Jay McCarroll wins Project Runway.

Jay McCarroll wins Project Runway.
Project Runway ended as judges Michael Kors, Nina Garcia, and actor Parker Posey (who was IDed as a “fashion fan”) chose Jay McCarroll for, as Heidi Klum said, his “original voice”–and she meant his clothes, not his hysterically bitchy sensibility that provided comic relief throughout the entire season. “We really believe he’s the next great American designer,” Heidi said. He walks away with representation with an agency, a spread in Elle, mentorship from Banana Republic, and $100K. On the finale, which repeated nonstop from 9 p.m. to 3 a.m. ET, Kara Saun’s “Aviator”-inspired Fantasy Flygirl collection had “execution [that] was flawless,” but it came in second. Because of its lack of consistency, Wendy Pepper’s collection came in third place (“what’s going on with the boobies?” Michael Kors asked about a see-through dress Wendy designed). New York magazine has a closer look at the designers’ collections.

Earlier, Kara Saun and Wendy Pepper had it out, but the fabric really hit the fan when Tim told Kara Saun, “We have an issue. It has to do with your shoes, which were done gratis and as a favor. It’s in breach of the contract that you signed. It’s really illegal to have done this.” Wendy then confronted her about her solution, which was to have her friend invoice her: “Jay and I shopping at the store for $5 shoes is hardly comparable to you custom designing your shoes and putting an arbitrary value of $5 on something that looks like your shoes. … It just shows how you’re so fucking morally corrupt,” Wendy said. Jay, too, was upset with Kara: “Finally, something happens to Miss Fucking Perfect. Love it.” It was almost resolved when, as Tim said, “Kara Saun presented a magical receipt for these shoes. And I was a little dumbstruck; I thought $15 wouldn’t cover the import tax on these shoes.” But then he said that “the producers are not going to accept $15 for these shoes,” so Kara opted to have the judges exclude the shoes in their consideration of her collection.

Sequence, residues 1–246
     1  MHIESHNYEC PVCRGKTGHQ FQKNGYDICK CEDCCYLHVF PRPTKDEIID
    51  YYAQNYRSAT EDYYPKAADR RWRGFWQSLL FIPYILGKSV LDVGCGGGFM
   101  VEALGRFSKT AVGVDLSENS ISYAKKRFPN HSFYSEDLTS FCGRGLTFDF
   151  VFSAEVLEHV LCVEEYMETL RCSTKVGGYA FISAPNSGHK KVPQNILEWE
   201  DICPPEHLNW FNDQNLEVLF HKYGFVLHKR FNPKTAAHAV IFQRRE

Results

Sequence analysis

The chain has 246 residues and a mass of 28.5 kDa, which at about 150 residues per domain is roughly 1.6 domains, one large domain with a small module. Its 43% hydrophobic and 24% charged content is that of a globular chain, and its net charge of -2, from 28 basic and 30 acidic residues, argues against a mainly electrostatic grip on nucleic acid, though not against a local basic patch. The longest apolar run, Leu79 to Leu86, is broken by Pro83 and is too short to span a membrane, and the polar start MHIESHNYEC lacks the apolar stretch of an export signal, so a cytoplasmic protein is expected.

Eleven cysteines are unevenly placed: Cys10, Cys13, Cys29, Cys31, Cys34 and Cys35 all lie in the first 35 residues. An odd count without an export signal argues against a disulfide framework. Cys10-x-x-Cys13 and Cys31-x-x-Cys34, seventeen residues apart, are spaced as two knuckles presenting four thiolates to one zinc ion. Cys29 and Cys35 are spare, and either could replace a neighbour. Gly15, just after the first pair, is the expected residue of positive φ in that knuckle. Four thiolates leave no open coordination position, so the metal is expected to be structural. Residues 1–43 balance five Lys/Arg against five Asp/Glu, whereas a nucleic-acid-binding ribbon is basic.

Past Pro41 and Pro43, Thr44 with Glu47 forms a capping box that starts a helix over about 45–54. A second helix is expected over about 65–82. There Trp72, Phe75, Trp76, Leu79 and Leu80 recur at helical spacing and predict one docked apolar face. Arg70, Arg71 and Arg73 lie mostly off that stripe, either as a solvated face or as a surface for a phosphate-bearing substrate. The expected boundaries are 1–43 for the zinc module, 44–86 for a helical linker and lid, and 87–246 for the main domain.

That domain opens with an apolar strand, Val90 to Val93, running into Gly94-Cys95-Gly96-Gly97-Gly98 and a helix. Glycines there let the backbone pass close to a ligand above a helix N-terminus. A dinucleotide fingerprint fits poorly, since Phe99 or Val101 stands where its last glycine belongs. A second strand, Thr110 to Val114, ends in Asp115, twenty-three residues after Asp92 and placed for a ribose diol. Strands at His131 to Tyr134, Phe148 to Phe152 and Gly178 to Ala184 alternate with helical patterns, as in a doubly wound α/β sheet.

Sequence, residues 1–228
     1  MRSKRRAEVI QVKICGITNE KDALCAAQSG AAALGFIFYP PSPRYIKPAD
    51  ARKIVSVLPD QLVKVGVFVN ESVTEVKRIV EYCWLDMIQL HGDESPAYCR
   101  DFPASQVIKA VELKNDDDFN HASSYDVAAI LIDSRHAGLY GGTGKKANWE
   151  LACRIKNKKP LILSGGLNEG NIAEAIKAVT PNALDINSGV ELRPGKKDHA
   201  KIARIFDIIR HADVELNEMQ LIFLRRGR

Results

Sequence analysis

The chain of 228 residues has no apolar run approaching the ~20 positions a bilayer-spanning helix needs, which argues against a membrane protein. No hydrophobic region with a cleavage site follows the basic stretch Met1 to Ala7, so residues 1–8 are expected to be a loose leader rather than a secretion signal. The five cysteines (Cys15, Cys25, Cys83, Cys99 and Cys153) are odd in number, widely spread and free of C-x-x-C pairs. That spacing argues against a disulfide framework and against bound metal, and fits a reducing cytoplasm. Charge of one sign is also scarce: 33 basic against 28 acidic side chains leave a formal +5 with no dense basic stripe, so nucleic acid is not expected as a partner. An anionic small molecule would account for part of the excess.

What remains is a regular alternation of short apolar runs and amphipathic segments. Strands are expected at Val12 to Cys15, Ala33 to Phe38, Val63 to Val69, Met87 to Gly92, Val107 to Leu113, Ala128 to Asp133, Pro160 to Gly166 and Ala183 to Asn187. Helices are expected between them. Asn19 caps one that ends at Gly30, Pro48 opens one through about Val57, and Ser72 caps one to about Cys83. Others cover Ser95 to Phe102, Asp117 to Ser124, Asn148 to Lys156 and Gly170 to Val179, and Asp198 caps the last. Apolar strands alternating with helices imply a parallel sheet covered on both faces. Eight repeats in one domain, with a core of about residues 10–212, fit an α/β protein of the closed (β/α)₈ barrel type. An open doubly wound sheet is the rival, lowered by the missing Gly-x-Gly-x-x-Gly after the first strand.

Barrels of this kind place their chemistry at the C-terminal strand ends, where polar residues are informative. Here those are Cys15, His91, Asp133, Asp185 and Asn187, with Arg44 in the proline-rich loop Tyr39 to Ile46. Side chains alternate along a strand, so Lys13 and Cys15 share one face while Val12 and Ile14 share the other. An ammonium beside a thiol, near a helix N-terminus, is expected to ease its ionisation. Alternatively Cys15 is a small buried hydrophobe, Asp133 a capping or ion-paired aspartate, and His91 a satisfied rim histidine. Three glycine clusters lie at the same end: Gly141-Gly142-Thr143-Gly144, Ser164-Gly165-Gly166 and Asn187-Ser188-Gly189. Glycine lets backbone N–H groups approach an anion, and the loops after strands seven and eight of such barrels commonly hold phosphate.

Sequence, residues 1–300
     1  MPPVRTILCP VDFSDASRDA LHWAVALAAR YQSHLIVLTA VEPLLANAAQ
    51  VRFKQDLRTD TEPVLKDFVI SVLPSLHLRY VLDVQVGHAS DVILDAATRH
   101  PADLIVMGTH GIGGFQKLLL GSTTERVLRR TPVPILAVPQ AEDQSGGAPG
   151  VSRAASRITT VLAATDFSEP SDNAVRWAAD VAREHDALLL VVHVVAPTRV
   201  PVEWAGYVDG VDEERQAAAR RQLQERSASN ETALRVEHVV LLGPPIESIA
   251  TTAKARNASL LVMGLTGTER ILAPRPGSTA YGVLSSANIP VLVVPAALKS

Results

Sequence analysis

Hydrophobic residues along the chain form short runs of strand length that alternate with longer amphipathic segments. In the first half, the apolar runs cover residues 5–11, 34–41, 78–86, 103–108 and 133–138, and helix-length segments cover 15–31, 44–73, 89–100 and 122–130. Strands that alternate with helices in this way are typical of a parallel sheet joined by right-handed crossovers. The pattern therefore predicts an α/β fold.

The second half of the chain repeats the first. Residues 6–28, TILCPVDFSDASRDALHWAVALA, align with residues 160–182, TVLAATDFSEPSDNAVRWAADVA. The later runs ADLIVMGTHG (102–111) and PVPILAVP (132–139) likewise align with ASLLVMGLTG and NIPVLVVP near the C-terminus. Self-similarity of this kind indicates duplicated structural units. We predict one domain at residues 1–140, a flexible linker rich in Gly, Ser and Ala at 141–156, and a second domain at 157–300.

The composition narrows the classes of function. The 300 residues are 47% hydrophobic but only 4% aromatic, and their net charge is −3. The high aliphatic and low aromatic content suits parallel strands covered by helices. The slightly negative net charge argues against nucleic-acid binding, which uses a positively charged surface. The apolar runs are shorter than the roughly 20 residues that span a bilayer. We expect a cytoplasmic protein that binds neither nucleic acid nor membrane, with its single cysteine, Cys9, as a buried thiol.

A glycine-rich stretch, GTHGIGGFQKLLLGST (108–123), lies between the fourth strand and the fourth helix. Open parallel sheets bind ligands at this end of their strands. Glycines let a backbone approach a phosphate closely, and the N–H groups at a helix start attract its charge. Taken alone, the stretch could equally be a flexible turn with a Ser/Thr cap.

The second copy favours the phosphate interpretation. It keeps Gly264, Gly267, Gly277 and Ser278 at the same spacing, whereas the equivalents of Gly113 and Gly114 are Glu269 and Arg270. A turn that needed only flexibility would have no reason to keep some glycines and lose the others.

about the writer

Andy Dehnart is a journalist who has covered reality television for more than 15 years and created reality blurred in 2000. A member of the Television Critics Association, his writing and criticism about television, culture, and media has appeared on NPR and in Playboy, Buzzfeed, and many other publications. Andy, 36, also directs the journalism program at Stetson University in Florida, where he teaches creative nonfiction and journalism. He has an M.F.A. in nonfiction writing and literature from Bennington College. More about reality blurred and Andy.